The Center for Tebtunis Papyri logoEthnic Identity in Roman Tebtunis header

 

This is an archived exhibit of The Bancroft Library, University California, Berkeley.

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Sources of the Papyri

 

sarcoghagus maskThe texts on papyri excavated from ancient Tebtunis by British papyrologists Bernard P. Grenfell and Arthur S. Hunt on behalf of UC Berkeley in 1899/1900 derive from three sources. Those excavated in situ from the temple and town date primarily from the Roman period, while the two cemeteries, human and crocodile, provide a great number of texts from the Ptolemaic period (c. 305 - 30 BCE). All three sources yield documents that originate from or concern towns and cities throughout the Fayum and beyond. The resulting collection includes texts written in either Greek or Egyptian (and occasionally both); most of the Egyptian texts are written in Demotic, a cursive script that developed out of hieroglyphs in the early first millennium BCE.

Grenfell and Hunt were happy to discover that the cartonnage covering the human mummies in the Ptolemaic cemetery often consisted of reused texts written on papyrus rolls in place of the usual linen. The documentary texts retrieved from these cartonnage masks, pectorals, aprons, leg casings and foot guards (see photograph below) date from the late third and early second centuries BCE. Their origin in the mummy cartonnage explains the odd shape of many of the texts in the collection; trimmed texts resemble the soles of feet and other recognizable forms due to their second life as cartonnage (P.Tebt. frag.10,751-10,756 below).

Although only a fraction of the crocodile mummies found (and often destroyed) by the excavators included reused papyri, several long rolls wrapped around large animals were retrieved intact. Dating from the second and early first centuries BCE, these texts are also mainly documentary (i.e., not "literary") and have already contributed significantly to the study of Ptolemaic administrative and legal practice.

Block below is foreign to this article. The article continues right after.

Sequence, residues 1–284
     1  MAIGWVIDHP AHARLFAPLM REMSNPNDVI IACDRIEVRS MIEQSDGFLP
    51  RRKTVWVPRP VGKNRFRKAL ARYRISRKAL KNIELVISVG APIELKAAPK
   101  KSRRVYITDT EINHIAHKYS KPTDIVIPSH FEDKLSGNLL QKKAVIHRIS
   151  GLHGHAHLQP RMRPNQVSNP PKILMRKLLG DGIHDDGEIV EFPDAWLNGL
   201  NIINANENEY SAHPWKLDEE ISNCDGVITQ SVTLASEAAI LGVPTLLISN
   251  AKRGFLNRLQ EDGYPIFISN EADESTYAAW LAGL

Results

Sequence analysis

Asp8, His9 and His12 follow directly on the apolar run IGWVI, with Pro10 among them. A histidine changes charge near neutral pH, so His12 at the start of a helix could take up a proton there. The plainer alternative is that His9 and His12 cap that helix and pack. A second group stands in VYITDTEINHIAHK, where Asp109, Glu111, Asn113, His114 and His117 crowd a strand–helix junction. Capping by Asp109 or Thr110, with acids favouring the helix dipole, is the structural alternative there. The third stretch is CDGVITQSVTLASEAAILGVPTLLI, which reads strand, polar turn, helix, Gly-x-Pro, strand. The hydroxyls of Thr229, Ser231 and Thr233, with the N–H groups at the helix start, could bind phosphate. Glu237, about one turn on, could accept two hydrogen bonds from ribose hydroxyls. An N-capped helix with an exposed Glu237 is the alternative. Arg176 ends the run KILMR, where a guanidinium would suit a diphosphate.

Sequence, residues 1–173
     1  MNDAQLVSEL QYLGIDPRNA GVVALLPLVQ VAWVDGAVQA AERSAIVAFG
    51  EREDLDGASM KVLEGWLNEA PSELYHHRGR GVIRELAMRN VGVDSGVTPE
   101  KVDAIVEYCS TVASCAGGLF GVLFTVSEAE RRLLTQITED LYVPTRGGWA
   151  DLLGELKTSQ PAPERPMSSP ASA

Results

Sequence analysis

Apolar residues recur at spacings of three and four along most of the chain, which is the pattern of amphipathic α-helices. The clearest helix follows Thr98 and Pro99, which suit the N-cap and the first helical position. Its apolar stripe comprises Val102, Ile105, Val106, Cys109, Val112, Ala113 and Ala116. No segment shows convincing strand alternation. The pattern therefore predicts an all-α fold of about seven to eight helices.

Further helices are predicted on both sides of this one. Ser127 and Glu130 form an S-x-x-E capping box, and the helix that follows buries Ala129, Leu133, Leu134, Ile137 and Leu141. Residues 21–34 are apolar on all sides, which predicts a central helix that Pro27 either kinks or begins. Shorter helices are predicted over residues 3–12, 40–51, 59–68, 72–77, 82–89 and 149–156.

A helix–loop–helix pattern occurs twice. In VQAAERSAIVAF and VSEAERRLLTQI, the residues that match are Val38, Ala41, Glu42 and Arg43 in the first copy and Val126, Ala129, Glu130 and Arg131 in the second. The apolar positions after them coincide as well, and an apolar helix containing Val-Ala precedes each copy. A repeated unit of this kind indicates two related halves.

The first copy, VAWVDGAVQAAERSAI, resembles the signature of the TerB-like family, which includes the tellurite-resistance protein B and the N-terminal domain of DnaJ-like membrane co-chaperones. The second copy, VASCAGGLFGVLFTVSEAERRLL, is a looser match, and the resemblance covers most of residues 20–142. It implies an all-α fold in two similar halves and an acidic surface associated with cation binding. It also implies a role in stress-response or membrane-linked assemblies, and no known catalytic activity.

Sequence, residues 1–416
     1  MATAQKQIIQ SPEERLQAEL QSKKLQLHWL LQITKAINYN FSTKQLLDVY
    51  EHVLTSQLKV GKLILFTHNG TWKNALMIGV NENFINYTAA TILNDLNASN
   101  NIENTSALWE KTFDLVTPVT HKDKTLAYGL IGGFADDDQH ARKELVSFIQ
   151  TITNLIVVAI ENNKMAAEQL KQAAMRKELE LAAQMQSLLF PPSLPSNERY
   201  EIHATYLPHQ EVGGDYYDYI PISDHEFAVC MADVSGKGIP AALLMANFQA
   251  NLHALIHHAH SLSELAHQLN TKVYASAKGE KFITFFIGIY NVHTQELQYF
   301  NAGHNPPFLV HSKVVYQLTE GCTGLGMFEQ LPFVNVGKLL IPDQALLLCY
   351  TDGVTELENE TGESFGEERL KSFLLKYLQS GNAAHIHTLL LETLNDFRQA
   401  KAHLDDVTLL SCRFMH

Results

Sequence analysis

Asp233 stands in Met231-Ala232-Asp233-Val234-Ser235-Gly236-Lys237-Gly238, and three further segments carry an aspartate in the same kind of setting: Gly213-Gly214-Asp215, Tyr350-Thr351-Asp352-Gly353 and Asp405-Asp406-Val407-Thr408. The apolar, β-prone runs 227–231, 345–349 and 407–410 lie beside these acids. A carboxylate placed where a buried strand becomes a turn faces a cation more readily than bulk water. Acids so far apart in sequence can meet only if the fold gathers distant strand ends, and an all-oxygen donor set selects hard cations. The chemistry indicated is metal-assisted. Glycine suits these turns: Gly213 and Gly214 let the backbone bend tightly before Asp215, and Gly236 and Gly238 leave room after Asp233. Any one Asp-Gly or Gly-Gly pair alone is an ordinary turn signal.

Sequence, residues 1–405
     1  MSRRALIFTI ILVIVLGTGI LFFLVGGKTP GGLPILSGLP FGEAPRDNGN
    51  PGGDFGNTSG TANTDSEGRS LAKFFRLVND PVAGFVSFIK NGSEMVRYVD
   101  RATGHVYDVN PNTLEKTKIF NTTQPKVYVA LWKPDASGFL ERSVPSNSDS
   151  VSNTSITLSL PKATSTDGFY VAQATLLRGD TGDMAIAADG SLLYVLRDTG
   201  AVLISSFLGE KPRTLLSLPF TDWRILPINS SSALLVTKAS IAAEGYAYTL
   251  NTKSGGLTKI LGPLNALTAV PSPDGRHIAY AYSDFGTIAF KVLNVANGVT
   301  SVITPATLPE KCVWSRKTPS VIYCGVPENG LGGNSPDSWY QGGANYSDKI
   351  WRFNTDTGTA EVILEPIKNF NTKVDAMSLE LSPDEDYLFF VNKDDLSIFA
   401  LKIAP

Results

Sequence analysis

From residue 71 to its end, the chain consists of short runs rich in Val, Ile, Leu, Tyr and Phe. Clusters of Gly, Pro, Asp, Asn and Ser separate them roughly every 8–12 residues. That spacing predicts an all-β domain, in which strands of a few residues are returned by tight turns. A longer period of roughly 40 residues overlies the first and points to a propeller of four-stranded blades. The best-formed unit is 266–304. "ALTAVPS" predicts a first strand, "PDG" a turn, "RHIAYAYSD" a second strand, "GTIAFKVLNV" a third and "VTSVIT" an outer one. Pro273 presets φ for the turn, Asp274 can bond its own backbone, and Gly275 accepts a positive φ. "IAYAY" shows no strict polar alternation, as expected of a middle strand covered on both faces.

Photograph of Grenfell and Hunt, 1899/1900 Photograph of Grenfell and Hunt, 1899/1900

Courtesy of Egypt Exploration Society, London.

 

 

Cartonnage mummy mask Cartonnage mummy mask
Ptolemaic period (3rd - 1st centuries BCE)

In contrast to the painted wood panels of the Roman period, this cartonnage mask cannot be interpreted as a portrait recording the actual appearance of the deceased. Its features are so stylized that it is not even possible to determine the gender of the subject.

Courtesy of the Phoebe Apperson Hearst Museum of Anthropology, Berkeley, and the Regents of the University of California; photographed by Joan Knudsen.
Inv. 6-20107

 

Photograph of mummy cartonnage from Tebtunis, 1899/1900 Photograph of mummy cartonnage from Tebtunis, 1899/1900

Courtesy of Egypt Exploration Society, London.

 

 

Mummy cartonnage painted with the four sons of Horus Mummy cartonnage painted with the four sons of Horus
Ptolemaic period (3rd - 1st centuries BCE)

The paint in the lower left-hand corner has been removed revealing a Demotic Egyptian text beneath.

P.Tebt. frag.
10,751-10,756

 

Photograph of crocodile mummies from Tebtunis, 1899/1900 Photograph of crocodile mummies from Tebtunis, 1899/1900

Animal cults were ubiquitous in first-millennium BCE Egypt, but their origin and motivation are little understood today. The great temple at the heart of ancient Tebtunis was home to a local manifestation of the Egyptian crocodile god, Soknebtunis; mummies and images of crocodiles were perhaps votive offerings dedicated to him.

Courtesy of Egypt Exploration Society, London.

 

Crocodile mummy Crocodile mummy
Ptolemaic or Roman period
(3rd century BCE - 3rd century CE)

A few of the crocodile mummies that were not destroyed in the search for papyri are housed in the Hearst Museum of Anthropology on the Berkeley campus.

Courtesy of the Phoebe Apperson Hearst Museum of Anthropology, Berkeley, and the Regents of the University of California; photographed by Madeleine Fang.
Inv. 6-20101

 

Limestone crocodile sculpture Limestone crocodile sculpture
Ptolemaic period (3rd - 1st centuries BCE)

Courtesy of the Phoebe Apperson Hearst Museum of Anthropology, Berkeley, and the Regents of the University of California; photographed by Madeleine Fang.
Inv. 6-20307

 

Small ceramic crocodile figurine Small ceramic crocodile figurine
Ptolemaic period (3rd - 1st centuries BCE)

Courtesy of the Phoebe Apperson Hearst Museum of Anthropology, Berkeley, and the Regents of the University of California; photographed by Elisabeth R. O'Connell.
Inv. 6-21637